English Pointer - Temperament & Personality

Source: PetWave, Updated on July 16, 2015
English Pointer

Personality

English Pointers are a true sporting dog who should not be confined indoors for a long period of time. They are athletic and energetic, and are happiest when they are running. They are sweet, gentle animals who are polite and welcoming to strangers and shouldn't be relied upon to be watchful guard dogs. They are best suited for active families, preferably those who enjoy hunting.

Activity Requirements

English Pointers are rowdy and rambunctious and need a lot of exercise; and just when you think they've had enough, they'll probably want more. This breed was not designed to be a household pet, but rather to be a sturdy, reliable hunting companion in the field, and the modern Pointer has not lost this desire. For owners who do not hunt, a commitment should be made to enroll their pointer in tracking or agility activities in order to satisfy their need to run and think. If a Pointer does not get enough exercise, they will resort to barking and chewing which may develop severe anxiety.

Trainability

Training a Pointer in basic obedience can be difficult, but is an absolute necessity. They suffer from sporting dog ADD – they will be distracted by sights, sound and smells and will want to abandon training to chase after something more interesting. For this reason training should involve a lot food and should be conducted in short spurts. The two most valuable commands you can teach a rowdy pointer is “down” and “stay.”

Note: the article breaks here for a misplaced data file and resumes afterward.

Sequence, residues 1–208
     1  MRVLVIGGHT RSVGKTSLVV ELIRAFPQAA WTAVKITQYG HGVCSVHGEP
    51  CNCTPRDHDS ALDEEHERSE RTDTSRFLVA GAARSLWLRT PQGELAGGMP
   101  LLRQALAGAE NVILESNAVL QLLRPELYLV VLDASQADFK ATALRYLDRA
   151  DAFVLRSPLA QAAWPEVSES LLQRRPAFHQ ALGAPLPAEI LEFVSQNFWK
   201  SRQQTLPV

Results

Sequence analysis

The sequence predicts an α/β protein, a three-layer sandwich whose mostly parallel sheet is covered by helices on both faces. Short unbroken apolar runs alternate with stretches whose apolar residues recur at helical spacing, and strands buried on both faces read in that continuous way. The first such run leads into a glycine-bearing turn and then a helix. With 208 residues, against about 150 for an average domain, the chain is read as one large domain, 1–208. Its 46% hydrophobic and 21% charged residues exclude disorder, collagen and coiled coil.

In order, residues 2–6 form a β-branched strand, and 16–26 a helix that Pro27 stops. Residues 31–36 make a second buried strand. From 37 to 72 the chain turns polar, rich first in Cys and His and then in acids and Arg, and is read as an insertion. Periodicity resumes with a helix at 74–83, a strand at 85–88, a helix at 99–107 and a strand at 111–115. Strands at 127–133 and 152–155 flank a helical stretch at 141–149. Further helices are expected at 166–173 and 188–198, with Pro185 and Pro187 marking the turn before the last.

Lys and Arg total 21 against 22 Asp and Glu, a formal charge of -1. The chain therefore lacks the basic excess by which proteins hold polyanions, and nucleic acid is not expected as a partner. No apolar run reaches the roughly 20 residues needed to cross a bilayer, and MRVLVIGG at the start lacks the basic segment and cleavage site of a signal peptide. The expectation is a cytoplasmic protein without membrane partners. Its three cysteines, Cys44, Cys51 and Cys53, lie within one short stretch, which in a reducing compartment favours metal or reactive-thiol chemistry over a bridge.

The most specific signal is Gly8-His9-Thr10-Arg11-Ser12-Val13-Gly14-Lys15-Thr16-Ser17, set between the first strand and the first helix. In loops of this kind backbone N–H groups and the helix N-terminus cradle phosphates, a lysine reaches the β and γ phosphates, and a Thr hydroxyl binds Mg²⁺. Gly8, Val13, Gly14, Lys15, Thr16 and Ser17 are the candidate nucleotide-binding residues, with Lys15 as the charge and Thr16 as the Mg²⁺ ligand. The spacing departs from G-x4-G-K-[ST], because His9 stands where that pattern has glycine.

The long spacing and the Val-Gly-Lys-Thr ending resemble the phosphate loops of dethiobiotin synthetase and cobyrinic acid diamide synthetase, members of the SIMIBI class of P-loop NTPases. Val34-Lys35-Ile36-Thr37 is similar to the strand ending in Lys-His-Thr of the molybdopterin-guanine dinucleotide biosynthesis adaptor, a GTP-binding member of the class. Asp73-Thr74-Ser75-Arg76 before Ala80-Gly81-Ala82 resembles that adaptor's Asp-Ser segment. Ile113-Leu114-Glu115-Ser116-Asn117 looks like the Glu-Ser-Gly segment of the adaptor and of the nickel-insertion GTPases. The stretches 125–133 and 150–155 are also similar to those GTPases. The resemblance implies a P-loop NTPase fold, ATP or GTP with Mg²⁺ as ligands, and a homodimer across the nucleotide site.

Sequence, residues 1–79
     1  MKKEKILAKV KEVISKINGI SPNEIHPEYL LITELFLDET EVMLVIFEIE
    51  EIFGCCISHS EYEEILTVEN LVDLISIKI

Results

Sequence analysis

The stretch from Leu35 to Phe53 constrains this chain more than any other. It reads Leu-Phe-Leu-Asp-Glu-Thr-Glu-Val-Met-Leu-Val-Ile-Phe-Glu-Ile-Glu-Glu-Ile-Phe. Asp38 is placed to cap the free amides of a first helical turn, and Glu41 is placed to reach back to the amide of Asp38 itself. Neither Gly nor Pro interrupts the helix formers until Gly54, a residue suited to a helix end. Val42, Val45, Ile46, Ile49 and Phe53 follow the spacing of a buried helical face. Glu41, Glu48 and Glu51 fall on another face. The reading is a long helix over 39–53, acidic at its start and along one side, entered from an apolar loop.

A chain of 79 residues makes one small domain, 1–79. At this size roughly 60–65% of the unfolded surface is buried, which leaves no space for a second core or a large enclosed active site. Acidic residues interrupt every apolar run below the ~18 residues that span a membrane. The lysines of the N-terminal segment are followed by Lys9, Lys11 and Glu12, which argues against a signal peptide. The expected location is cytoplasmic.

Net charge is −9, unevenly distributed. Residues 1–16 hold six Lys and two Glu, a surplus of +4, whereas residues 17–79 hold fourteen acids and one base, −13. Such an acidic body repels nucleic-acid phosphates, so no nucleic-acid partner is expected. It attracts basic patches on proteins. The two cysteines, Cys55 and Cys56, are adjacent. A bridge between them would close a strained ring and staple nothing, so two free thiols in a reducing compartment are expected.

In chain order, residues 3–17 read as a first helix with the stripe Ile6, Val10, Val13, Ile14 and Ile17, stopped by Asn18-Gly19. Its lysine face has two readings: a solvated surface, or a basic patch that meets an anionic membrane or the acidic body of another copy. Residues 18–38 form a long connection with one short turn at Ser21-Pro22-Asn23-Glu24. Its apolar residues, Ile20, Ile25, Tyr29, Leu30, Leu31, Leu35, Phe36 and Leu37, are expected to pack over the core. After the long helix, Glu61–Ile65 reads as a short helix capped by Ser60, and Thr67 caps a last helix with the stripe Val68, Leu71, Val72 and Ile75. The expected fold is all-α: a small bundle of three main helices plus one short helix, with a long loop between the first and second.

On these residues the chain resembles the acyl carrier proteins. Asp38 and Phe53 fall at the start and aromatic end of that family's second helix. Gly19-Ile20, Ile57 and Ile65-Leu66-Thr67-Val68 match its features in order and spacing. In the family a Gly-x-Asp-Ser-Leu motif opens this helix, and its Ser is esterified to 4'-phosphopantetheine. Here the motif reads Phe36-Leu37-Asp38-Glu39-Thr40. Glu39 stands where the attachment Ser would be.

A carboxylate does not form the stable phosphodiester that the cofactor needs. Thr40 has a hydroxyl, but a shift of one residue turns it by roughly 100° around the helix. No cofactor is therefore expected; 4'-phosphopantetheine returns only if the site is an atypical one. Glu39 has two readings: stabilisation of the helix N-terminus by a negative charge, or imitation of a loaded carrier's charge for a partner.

House training a Pointer is a long process and many breeders and trainers recommend crating a Pointer until he gets the hang of it, which can unfortunately be several months.

Behavioral Traits

Chasing is the Pointers biggest problem. Unless they are hunting in the field, they should be kept in a fenced-in yard or on a leash at all times. They will chase after anything that moves, and once they give chase, they are completely deaf to your calls to return home.

Rowdiness and hyperactivity are common in Pointers, even those who are properly exercised. They are always brimming with energy and love to greet everyone they meet, which usually involves a lot of jumping. Teaching a Pointer “down” and “stay” can save you from alienating your friends and neighbors.

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